Trade Union Movement in India

September 1977 witnessed an All India Convention of Central Organization of Trade Unions, including BMS, CITU, Trade Union Coordination Committee (TUCC), HMS and HMP, asking time-bound plans for reduction in wage disparities, price policy, national wage policy and also need based wages for industrial as well as agricultural working class. In 1982, the Trade union Amendment Bill was introduced in the Lok Sabha, which aimed at reducing multiplicity of trade unions by getting the then existing provision of enabling any seven workmen to form a trade union replaced with the provision of requiring a minimum of 10% of workmen, subject to a minimum of ten , engaged in the organization where the trade union is intended to operate or 100 workmen, whichever is less, for registration of a union. It was also proposed in the Bill that atleast 75% instead of the then existing 50% of the office bearers of the executive should be actually engaged/employed in the organization concentrated so as to encourage internal leadership. In 1999, there emerged a consensus of opinion among the major trade union federations like AITUC, INTUC, BMS, CITUC etc. on the protection to domestic industry, strengthening the public sector units by reviving and inducing professionals in the management, amendment of labour laws, and inclusion of rural and unorganized labour in the social safety net.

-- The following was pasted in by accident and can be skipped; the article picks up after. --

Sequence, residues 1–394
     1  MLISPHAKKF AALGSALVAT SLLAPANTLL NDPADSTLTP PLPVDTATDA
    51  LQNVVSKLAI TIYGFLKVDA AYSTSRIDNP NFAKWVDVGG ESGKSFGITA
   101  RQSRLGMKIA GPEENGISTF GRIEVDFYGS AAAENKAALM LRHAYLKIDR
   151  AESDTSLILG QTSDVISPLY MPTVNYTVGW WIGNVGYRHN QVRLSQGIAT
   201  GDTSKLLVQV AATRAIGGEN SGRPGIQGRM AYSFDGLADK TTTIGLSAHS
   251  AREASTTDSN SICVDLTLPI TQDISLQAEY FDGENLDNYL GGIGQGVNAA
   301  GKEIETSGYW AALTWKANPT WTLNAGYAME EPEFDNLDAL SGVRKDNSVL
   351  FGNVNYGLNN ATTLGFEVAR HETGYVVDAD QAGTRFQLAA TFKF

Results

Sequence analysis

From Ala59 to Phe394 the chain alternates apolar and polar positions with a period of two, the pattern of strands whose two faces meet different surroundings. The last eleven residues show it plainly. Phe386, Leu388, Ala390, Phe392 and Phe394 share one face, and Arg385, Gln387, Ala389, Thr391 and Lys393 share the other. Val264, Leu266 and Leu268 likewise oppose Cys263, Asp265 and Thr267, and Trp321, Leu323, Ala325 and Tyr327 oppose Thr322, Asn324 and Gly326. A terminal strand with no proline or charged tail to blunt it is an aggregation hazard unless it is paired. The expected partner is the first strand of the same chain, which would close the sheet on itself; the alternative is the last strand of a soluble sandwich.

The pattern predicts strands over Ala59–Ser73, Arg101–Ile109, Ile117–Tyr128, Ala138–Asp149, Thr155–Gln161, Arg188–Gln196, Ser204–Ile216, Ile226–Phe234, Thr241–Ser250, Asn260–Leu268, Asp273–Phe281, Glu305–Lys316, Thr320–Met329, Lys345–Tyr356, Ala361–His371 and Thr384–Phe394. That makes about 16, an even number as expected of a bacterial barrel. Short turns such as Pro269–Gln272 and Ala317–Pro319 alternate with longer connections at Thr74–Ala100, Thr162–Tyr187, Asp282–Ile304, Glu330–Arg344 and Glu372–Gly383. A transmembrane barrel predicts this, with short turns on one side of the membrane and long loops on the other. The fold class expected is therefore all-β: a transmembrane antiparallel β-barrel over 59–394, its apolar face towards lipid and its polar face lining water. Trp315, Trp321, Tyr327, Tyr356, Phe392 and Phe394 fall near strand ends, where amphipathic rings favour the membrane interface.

7. Present Scenario of the Trade Union Movement

The Indian Trade Unions have come to stay now not as ad hoc bodies or strike committees but as permanent features of the industrial society. The political, economic, historical and international factors have all helped the unions to get a legal status and they now represent the workers. They have succeeded in organizing Central Union Federations which help in the determination of principles, philosophy, ideology and purposes of the unions and give some sense of direction to the otherwise scatters and isolated large number of unions. The unions have achieved a remarkable status where their voices are heard by the government and the employers, they are consulted on matters pertaining to improvement in conditions of work, health and safety, job security, wages, productivity, all matters concerning the interests of labour. The unions have created for them a platform to air their views, policies and ideologies both at state level and national level in the Standing Labour Committee and Indian Labour Conference.

Trade Union Movement in India

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